The eloquence of such speakers, powerful in their own day, does not remain to the nation-it does not become incorporated in the literature of their country. For, written down, it is bereaved of its life. To language which has no breath of life, which is silent in its written character, art must supply that power over the reader's mind, which the dominion of a fervid spirit held over the sympathy of wondering hearers. The music of the words must come in place of the thrilling voice; the skill of their selection must give the fulness of their meaning; and the whole structure of oration must bring forth that clearness to the understanding, and, by the enchained succession of emotions, that force of passion, which overpowering sympathy brought almost in flashes upon the intellect, and in pulsations of the blood upon the heart. And art, too, with its elaborate perfection, must save the calm, collected, vigilant mind, from every shock to its purest highest judgment, which might have been borne down perhaps by the torrent of ungovernable feeling.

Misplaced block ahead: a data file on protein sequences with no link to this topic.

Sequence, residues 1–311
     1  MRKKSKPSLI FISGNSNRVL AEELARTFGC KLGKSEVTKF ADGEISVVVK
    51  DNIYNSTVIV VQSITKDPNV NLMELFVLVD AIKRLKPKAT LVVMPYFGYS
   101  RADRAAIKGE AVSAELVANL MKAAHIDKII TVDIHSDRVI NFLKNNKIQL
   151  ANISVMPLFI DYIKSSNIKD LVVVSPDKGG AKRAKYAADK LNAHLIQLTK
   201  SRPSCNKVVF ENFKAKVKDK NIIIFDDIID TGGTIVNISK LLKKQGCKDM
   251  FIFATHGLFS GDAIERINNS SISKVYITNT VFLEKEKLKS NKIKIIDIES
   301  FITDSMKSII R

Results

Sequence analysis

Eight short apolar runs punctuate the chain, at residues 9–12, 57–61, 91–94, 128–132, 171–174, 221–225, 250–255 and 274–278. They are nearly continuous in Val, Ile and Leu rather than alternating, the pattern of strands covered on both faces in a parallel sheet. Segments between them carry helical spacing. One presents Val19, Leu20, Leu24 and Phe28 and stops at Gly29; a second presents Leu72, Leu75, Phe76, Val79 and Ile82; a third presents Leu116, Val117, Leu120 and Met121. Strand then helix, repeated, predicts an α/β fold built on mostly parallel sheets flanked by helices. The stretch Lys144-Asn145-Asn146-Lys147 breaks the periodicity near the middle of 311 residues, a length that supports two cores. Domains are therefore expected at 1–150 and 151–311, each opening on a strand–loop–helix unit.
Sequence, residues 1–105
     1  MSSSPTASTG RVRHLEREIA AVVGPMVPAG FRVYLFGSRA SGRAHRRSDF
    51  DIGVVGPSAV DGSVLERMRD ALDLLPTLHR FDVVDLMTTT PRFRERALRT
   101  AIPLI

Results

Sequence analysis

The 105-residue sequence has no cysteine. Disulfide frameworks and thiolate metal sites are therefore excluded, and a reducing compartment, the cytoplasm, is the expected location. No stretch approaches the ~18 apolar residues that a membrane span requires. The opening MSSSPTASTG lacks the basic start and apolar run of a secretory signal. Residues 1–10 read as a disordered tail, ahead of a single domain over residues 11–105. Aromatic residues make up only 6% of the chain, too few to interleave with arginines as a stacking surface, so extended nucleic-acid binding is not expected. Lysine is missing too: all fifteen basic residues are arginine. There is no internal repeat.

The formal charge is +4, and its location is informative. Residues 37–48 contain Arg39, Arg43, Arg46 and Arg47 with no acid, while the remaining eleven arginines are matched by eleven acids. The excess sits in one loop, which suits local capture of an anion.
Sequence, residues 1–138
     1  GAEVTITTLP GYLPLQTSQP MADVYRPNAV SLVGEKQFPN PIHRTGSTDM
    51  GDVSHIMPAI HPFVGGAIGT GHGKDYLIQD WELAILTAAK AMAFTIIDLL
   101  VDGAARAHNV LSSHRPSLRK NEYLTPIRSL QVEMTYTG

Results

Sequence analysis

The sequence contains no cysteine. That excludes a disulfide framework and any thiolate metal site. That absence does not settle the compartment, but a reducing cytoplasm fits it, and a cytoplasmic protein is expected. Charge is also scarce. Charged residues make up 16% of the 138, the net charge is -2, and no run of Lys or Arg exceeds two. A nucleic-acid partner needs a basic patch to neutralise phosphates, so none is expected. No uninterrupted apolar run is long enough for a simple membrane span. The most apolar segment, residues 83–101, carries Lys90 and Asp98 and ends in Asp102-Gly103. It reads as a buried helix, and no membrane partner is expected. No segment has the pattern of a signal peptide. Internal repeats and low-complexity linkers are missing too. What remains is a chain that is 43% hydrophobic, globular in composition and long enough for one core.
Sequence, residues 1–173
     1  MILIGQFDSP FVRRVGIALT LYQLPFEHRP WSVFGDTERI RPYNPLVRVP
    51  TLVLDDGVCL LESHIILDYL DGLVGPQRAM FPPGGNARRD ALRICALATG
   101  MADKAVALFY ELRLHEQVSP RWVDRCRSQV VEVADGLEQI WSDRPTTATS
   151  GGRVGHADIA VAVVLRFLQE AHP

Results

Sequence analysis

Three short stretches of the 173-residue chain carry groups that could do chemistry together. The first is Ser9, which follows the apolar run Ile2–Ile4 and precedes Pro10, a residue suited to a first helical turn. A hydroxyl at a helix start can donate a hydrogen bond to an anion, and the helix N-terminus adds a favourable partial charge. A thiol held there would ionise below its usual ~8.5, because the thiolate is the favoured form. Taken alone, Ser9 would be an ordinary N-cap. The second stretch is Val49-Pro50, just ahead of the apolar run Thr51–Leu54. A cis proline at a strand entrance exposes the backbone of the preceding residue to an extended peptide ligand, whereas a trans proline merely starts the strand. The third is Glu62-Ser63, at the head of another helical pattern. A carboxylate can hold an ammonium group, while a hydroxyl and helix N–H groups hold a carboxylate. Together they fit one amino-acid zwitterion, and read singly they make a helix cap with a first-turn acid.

To him who would write eloquence, the study of language itself is of indispensable necessity-a wide, intricate, and difficult study, in which books are at once necessary and dangerous guides-in which the field for cultivation lies in nature, and yet the art of cultivation calls us away from nature.
The first study of language is the study of thought itself. For the paramount law which every writer assumes to obey, is the law of the intellectual mind. If we write, we must, by art, follow the natural courses of a mind unfolding its own thoughts. We must be skilled in the processes of thought, that if we are tempted for a moment to write that which we intend, but for which the mind of our reader is not yet prepared, we may at once reject it. For we must lead him gradually on. We have to shew him that which he does not know, to persuade him of that which he does not believe; and we must be guarded, not for a H
moment to lose our hold upon his intelligence, for we might not again recover it.